Efficient supply chain management depends on two key factors: the ability of information technology (IT) systems to manage data; and the ability of the people using those systems to know how to optimize their potential. The nexus therefore becomes a solution’s user experience. Put simply: A poor user experience leads to poor performance.
Supply chain management is a process that involves many of a company’s key players. But if we listened to everyone when devising an IT solution’s user interface, the amount of data included would be astronomical. Often, project members are so afraid of leaving out a piece of information, that they choose to include it on the screen rather than question its utility. And therein lies the pitfall of these highly customizable solutions: Because it’s technically possible to include all of the various data points in the design, everything but the kitchen sink is displayed on the screen.
Design should simplify the experience
I have seen screens that display five different tabs, each of which feature more than a dozen datapoints, projected on a horizon of five years. I have seen tabs where a final forecast is displayed after the statistical forecast and the forecast method used. I have seen top-down data inherited from strategic planning, together with proration coefficients; figures on the impact of seasonality; inputs regarding promotional events; and various rows about collaborative forecasting from the marketing and sales departments. Of course, users ignore the vast majority of the information and focus on the one or two key pieces of data that are actually required to fulfill their particular task.
The information that supply chain managers need and use is complex by nature; so the aim of supply chain management tools should be to streamline. Although the five Ss are generally used to create a suitable workplace, they are also quite applicable to interface design and user experience. Here’s how:
- Sort: Keep only the information that is key to the decision-making process.
- Simplify: The purpose of each screen should be clearly identified. Do not mix several purposes together. If you fear a screen lacks a specific detail, implement a side report that will pinpoint that particular piece of information.
- Scrub: When designing the screen, consider ergonomics and the user experience. Use data visualizations to clearly communicate a whole dataset with a single glance.
- Standardize: Frequently ask yourself if the interface is working to its full potential. But do not request upgrades that will just create confusion.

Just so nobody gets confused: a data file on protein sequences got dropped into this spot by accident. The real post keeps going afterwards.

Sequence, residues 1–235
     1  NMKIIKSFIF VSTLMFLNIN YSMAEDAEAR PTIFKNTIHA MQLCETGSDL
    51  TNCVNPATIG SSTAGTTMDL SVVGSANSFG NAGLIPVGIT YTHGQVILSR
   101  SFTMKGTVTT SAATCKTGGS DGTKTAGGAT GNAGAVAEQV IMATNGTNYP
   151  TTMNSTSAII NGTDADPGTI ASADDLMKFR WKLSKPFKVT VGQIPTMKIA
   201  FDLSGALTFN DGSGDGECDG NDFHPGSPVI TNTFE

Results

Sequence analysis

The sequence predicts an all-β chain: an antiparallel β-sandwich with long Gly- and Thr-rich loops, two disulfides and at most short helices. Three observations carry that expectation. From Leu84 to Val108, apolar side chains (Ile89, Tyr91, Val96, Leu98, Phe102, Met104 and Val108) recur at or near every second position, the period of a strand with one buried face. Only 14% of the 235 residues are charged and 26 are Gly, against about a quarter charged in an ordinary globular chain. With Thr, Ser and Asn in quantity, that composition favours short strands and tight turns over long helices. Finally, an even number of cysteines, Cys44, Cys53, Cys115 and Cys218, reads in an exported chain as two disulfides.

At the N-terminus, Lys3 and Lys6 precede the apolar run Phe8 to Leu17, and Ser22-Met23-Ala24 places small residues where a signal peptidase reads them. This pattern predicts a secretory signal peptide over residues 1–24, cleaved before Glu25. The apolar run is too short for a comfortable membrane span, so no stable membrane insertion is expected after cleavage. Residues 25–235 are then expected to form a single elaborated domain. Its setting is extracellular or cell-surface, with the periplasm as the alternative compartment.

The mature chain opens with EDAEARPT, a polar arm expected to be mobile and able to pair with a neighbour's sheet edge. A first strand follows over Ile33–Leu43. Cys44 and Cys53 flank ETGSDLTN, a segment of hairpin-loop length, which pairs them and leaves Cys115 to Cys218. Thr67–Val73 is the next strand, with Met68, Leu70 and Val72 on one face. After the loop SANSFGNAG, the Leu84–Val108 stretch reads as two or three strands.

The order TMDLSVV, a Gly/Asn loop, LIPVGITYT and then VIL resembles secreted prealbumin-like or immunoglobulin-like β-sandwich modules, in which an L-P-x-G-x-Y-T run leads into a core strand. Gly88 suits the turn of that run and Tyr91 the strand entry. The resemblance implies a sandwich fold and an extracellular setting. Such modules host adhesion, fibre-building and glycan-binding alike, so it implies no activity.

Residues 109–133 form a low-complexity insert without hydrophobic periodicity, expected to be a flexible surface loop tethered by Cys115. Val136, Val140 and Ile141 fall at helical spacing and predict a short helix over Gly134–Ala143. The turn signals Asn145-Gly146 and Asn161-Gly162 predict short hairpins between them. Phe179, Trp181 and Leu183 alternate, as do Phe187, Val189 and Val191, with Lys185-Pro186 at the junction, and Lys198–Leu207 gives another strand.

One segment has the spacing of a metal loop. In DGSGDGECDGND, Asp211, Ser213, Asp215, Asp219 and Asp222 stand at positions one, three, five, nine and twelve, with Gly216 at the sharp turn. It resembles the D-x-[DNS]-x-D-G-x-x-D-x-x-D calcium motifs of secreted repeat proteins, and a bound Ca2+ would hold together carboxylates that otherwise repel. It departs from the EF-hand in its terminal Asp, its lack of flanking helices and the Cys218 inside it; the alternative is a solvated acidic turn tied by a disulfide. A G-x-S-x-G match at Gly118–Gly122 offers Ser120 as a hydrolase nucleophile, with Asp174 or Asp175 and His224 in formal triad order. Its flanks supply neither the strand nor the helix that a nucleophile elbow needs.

- Sustain: Always follow the previous four Ss.
I once applied the five Ss methodology when implementing a demand planning solution to support a company’s sales and operations planning process. For demand management and forecasting, a preconfigured solution was selected. However, not all of its functionalities were relevant to the business. Therefore, I spent time with the project team identifying the key data to be displayed, as well as what information should be kept in the process but displayed only at the user’s request. Anything that didn’t apply was simply removed.
Another time I used the five Ss was at a tier-one automotive supplier. The procurement plan was managed on a screen that displayed nearly all of the information the planner needed on one single grid. With nearly 15 lines to review, it was too confusing. After consulting with internal IT project managers, procurement managers and end users, I split the single screen into five pages. Each page focused on just one aspect of the procurement plan. I also included relevant graphs, which enabled the manager to quickly visualize what the data was telling them. The feedback from end users was tremendous; they could now get answers and make appropriate decisions quickly and with confidence.
When users are not overwhelmed with too much information, they can review the necessary data, ensure that all critical aspects are understood before taking action and make smart decisions. A user experience that provides simple and easy-to-use tools upgrades the performance of all supply chain management activities.